Came across this weirdo this afternoon as I was reccying for a free walk we're doing at Marshside on Saturday morning - "The Figure of Eight", details at www.facebook.com/seftoncoast
As I was walking down Marshside Road I could hear the usual Sedge Warbler cacophony, but wasn't expecting this vision in white to be occupying the song posts in the brambles!
Almost entirely white apart from some tail feathers, a few primaries and secondaries and a streaks on the mantle, with a leucisty yellowy wash to the face and chest, but dark eye, legs and bills.
I can honestly say I've never come across albinoism/leucism (Desert Warblers don't count baby) or melanism in a warbler in Europe, Asia, Africa or the New World before.
Absolutely crackers, but making the usual unholy Sedge Warbler din, even having a go at display flights!
Every time it came up out of the vegetation to sing the more conventionally plumaged Sedgies attacked it (don't these cats watch Eurovision? Be cool), sending it back into cover, which may have been just as well, as it presented a heck of a target for the local Sprawks overhead.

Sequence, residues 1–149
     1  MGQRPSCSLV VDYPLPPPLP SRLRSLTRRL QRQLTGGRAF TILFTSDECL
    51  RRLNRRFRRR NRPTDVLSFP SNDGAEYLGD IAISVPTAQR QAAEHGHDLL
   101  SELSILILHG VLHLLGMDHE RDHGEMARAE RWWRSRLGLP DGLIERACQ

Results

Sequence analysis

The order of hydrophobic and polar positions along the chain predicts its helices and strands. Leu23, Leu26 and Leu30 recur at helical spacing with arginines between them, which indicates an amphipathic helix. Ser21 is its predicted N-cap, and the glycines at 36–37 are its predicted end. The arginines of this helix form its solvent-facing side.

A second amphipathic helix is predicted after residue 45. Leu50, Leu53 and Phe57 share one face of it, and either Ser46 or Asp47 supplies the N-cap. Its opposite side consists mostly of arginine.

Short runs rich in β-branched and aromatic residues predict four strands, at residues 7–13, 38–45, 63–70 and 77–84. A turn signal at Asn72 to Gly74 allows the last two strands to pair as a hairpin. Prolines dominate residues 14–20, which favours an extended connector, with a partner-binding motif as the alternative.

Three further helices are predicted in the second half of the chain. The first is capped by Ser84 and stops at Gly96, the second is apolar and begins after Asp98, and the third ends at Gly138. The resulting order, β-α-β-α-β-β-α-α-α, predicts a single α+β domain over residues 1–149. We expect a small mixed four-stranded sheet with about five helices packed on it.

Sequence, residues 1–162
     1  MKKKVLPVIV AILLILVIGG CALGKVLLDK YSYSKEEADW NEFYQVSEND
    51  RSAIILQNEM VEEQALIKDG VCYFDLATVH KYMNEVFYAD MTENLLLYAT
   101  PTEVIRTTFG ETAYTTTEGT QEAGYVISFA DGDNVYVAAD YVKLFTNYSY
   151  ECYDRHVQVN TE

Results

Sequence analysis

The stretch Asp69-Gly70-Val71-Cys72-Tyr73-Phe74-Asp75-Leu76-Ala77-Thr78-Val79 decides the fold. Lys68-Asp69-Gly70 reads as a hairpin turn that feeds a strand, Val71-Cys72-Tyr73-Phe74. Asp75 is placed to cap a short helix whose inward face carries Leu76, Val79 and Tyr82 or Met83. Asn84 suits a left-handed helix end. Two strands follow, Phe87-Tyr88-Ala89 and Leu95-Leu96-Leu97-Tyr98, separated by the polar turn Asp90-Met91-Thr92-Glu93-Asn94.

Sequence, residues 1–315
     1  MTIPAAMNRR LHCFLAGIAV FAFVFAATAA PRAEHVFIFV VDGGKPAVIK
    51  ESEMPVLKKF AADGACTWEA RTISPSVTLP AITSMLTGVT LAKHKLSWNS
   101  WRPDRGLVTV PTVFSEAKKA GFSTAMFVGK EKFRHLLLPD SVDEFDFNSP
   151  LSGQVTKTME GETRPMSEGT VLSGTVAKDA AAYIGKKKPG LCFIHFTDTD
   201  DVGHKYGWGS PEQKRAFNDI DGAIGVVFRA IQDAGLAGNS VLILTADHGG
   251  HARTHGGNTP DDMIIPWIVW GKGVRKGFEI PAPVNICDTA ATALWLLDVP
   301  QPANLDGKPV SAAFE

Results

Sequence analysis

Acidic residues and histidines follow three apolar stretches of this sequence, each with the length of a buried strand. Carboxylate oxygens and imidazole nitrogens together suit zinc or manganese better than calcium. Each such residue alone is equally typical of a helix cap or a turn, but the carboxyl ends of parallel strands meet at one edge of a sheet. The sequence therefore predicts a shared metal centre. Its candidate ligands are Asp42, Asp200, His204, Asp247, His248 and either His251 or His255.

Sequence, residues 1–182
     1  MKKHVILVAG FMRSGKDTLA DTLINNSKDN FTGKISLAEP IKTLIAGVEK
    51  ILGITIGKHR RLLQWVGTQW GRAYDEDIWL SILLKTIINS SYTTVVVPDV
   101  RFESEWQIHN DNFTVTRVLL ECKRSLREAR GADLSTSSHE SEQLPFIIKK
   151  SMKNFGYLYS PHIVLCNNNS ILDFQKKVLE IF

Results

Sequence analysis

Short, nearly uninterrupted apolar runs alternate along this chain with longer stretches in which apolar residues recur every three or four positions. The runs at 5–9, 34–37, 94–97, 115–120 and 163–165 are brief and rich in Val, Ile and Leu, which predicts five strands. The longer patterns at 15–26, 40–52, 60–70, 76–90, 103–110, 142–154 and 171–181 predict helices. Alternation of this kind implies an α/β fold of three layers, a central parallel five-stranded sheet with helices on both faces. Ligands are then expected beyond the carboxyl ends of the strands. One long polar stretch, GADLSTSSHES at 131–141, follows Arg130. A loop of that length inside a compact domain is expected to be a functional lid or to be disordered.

Good afternoon to be on the marsh in the warm sun - Ruff on Marshside One, with two Wheatears on the Coast Road embankment, Swifts going through and a female Whinchat down in Wheatear Corner, where the summering Pink Foot lurked with the feral Barnacle Goose and the Canada flock.
Swifts and hirundines moving, Reed, Sedge, Whitethroat, Chiffies and Willow Warbler singing away.
Chiffies outnumbered the Willow Warblers 5 to 1, although a hot afternoon is probably not the best time to be assessing warbla population trends.
It's a tough job but someone's gotta do it.
Eyes to the skies everyone, eyes to the skies...
PS: Does anyone know if the BOU has split the arctic race of Sedge Warbler yet????? Gyr Warbler anybody???